Stygobiont polychaetes

Notes on the morphology and the origins of groundwater Namanereis (Annelida: Nereididae: Namanereidinae), with a description of two new species

Chris Glasby, Dieter Fiege, Kay Van Damme

    Research output: Contribution to journalArticleResearchpeer-review

    Abstract

    More than half of the species in NamanereisChamberlin, 1919 (Nereididae: Namanereidinae), are adapted to life in subterranean waters. We document the taxonomy, distribution, and adaptations of the groundwater-inhabiting species in this genus for the first time, starting from the description of two new stygobitic species. The first, Namanereis pilbarensis sp. nov. from water-table carbonate deposits in the Pilbara region of north-west Australia, is representing the first record of a stygobitic polychaete from Australia, and the second, Namanereis socotrensis sp. nov., from karstic groundwater on Socotra Island (Yemen) is the second stygobitic Namanereis species from Socotra. Troglomorphic adaptations observed include the absence (or reduction) of eyes and cuticular pigment, and cirriform appendages of the head, parapodia, and pygidium that are all considerably longer than in their marine counterparts. The chaetae and jaws differ in some groundwater species but not others, so the troglomorphic nature of these features is less certain. Remarkably, the two species of the Socotra Archipelago (Namanereis gesaeFiege & Van Damme, 2002, from Abd al Kuri and the new species) seem to derive from different ancestors, respectively single terminal tooth and bifid tooth-jawed lineages. Based on the jaw morphologies, we suggest that the groundwater polychaetes of this genus might not have entered groundwater from freshwater/anchialine habitats during a single colonization event, as previously suggested, but at different times. Different geographical origins of two groups of species (Gondwanan and Tethyan) are suggested based on recent distribution patterns.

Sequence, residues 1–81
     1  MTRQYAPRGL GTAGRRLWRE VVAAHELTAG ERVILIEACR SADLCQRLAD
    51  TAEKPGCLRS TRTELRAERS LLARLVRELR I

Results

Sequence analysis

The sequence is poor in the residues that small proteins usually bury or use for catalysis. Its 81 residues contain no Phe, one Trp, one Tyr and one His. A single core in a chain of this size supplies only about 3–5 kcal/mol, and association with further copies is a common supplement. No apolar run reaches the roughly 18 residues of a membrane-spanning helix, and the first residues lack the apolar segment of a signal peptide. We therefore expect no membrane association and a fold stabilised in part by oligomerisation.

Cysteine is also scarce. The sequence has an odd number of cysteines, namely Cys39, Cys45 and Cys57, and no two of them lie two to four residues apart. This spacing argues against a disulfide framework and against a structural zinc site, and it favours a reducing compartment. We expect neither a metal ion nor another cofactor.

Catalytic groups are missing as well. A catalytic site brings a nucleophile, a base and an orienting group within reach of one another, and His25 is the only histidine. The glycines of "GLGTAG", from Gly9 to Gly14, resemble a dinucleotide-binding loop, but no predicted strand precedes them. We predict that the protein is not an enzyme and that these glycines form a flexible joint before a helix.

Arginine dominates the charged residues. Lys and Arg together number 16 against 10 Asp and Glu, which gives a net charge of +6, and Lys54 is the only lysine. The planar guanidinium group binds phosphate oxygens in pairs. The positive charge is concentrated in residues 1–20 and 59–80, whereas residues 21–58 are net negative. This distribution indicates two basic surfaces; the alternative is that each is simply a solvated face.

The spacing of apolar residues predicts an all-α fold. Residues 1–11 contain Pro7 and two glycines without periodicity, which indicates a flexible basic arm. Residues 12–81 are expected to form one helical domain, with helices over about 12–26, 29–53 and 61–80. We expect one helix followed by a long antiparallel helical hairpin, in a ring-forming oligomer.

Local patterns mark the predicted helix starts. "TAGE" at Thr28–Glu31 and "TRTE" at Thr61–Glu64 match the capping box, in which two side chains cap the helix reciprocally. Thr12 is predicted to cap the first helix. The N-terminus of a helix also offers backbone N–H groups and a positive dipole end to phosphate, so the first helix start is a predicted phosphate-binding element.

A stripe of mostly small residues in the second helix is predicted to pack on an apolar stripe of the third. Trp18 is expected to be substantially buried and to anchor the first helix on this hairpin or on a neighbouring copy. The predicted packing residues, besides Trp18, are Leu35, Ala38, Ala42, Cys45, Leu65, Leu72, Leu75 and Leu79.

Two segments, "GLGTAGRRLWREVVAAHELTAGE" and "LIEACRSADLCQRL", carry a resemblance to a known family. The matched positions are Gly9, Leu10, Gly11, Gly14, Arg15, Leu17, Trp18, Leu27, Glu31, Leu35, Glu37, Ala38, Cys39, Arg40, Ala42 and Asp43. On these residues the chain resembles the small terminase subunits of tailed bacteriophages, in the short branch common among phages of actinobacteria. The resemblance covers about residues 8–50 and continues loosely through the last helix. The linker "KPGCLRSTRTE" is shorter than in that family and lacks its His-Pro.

Original languageEnglish
    Pages (from-to)22-37
    Number of pages16
    JournalZoological Journal of the Linnean Society
    Volume171
    Issue number1
    DOIs
    Publication statusPublished - May 2014

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    Annelida
    Yemen
    Polychaeta
    groundwater
    new species
    jaws
    teeth
    tooth
    appendages
    carbonates
    water table
    polychaete
    ancestry
    eyes
    archipelago
    pigments
    Nereididae
    pigment
    taxonomy
    colonization

    Cite this

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    title = "Stygobiont polychaetes: Notes on the morphology and the origins of groundwater Namanereis (Annelida: Nereididae: Namanereidinae), with a description of two new species",